Alexis #133View Details
Whitecourt #232View Details
Site 2 is situated approximately 10 km northwest of the town of Whitecourt in central Alberta. The parcel is located within the Mid Boreal Mixedwood Ecoregion (see Site 1 for description). The Swan Hills lie northeast of Site 2 and are a unique physiographic region because they are largely undeveloped. They are comprised of rugged rolling hills of lodgepole pine and white and black spruce forests and include the only habitat for grizzly bears outside the mountain regions of Western Canada. Whitecourt Geographical Description The second site, located just north of the town of Whitecourt, is irregular in shape. It occupies the land just north of the intersection of Highway #43 and Highway #32 (the Swan Hills Highway). The site is also located at the intersection of two water courses; the Sakwatamau River, a meandering stream which runs north to south through the site, and Carson Creek which flows into the Sakwatamau from the northeast. There are a number of oil and gas pipelines which pass through the site.
Eagle River #233View Details
Site 3 is located on the eastern side of the intersection of the Forestry Trunk Road and forestry road. The Pembina River passes just north of the parcel, while to the south lies the Brazeau River. There is a small lake along the eastern boundary, which is surrounded by an area of low lying, swampy terrain. The majority of the site remains forested, with the exception of an elongated parcel extending along the eastern boundary and a portion of land adjacent to the Pembina River. Eagle River Site Description Site 3 is situated in a largely uninhabited area. It lies within the Upper Boreal Cordilleran Ecoregion and is comprised of lodgepole pine forests, with intermittent stands of white and black spruce in the dry and wet terrain, respectively. The ecoregion occurs between the Lower Cordilleran and Subalpine ecoregions and is often referred to as the Foothills. The Rocky Mountain Forest Reserve extends south from Site 3 and is comprised primarily of harvestable coniferous forest.
Cardinal River #234View Details
The most westerly parcel, Site 4, is situated just west of the junction of the Cardinal River and Ruby Creek. The northern border is bounded by the Cardinal River and a gravelled road which runs parallel to, and just north of the river. Ruby Creek intersects the parcel of land in an east-west direction. Nomad Creek passes through the site also, flowing west to east, draining into the Cardinal River near the northeastern corner. Flapjack Creek passes through the eastern portion of the site, emptying into Ruby Creek to the north. Cardinal Site Description Site 4 is situated approximately 20 km east of Jasper National Park along the eastern fringe of the Rocky Mountains. It is in an isolated location and is also in a largely unsettled area. The region falls within the Subalpine and Alpine Ecoregions, characterized by lodgepole pine and Engelmann spruce forests in the lower and mid latitudes 0 600 m to 2000 m ASL), with virtually no vegetative cover above this elevation. Wildlife in the area includes mountain sheep and mountain goat, moose, mule deer and grizzly.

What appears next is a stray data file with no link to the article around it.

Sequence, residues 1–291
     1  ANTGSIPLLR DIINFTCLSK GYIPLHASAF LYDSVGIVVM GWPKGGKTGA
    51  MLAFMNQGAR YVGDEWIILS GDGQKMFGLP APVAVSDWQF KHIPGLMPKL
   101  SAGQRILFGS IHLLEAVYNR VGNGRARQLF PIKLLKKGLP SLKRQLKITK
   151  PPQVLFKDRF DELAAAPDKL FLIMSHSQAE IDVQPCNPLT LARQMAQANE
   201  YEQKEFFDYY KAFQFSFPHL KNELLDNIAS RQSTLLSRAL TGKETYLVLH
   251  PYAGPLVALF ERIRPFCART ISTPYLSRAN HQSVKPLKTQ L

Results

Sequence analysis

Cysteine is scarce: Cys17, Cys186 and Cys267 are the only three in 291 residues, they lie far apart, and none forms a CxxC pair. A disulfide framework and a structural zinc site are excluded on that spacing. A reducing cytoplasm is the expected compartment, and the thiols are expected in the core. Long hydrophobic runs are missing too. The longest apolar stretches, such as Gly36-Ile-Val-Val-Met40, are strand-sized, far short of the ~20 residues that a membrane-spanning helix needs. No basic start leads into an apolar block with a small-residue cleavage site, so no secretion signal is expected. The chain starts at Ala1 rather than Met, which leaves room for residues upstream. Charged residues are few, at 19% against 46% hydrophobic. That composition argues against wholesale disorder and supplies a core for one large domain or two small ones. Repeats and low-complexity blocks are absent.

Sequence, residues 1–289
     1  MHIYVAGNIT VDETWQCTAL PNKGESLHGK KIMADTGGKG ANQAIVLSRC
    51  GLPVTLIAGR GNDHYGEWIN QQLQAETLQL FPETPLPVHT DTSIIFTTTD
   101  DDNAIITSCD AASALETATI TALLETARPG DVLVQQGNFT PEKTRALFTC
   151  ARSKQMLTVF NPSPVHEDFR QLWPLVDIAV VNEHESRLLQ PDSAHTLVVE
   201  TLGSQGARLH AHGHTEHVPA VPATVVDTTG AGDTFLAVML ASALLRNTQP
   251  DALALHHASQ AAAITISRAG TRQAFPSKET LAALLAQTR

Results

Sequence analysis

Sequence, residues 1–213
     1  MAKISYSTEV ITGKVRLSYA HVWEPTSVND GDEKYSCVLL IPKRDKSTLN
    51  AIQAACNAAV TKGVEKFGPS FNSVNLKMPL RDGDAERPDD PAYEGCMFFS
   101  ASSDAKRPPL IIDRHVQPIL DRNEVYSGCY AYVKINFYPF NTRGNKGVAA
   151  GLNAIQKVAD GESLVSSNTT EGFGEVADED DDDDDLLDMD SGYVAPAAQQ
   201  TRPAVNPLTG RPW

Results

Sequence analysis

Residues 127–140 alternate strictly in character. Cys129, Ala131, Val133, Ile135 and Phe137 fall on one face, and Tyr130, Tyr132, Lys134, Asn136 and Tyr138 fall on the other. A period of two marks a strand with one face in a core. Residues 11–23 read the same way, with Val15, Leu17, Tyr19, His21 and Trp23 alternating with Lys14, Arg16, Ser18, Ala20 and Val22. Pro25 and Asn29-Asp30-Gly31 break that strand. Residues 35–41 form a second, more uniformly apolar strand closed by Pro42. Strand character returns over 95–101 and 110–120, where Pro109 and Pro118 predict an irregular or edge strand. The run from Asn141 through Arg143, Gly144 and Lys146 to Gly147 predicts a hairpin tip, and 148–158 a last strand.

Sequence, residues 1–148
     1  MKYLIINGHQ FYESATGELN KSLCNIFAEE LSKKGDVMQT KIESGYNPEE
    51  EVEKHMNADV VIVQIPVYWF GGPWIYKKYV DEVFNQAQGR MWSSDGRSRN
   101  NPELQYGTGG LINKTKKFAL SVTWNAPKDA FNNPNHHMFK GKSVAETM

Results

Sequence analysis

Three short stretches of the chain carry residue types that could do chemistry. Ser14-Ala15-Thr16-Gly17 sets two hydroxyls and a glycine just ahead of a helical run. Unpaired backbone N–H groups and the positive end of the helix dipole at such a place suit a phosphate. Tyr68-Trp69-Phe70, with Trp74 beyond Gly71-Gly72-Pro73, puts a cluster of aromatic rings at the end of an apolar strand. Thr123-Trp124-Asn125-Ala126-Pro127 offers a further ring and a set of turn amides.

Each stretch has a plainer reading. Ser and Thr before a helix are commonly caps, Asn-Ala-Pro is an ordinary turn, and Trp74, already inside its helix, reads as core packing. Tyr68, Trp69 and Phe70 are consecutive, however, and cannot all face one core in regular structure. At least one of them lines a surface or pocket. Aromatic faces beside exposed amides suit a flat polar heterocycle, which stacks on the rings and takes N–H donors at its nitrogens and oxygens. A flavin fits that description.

The nation works in collaboration with Indian and Northern Affairs Canada to manage its lands and resources. The Alexis Nakota Sioux Nation Chief and Council are committed to developing the capacity of its community. The Alexis Chief and Council are working with industry to create opportunities for business development on reserve lands. The nation is seeking investors for commercial and residential development.
Traditional Land Use
Alexis' traditional territory reaches from Cardinal River in the south along the foothills and Rocky Mountains beyond Whitecourt and the Swan Hills in the north, and reaches east past Barrhead. The Alexis people are strongly tied to the land. Many families have fur management areas, gather herbs and berries, and hunt on a regular basis. Community members also use the traditional lands for spiritual growth and watch over gravesites of long deceased relatives. Every family has been directly or indirectly impacted by industrial development on the land that their ancestors have utilized for many generations.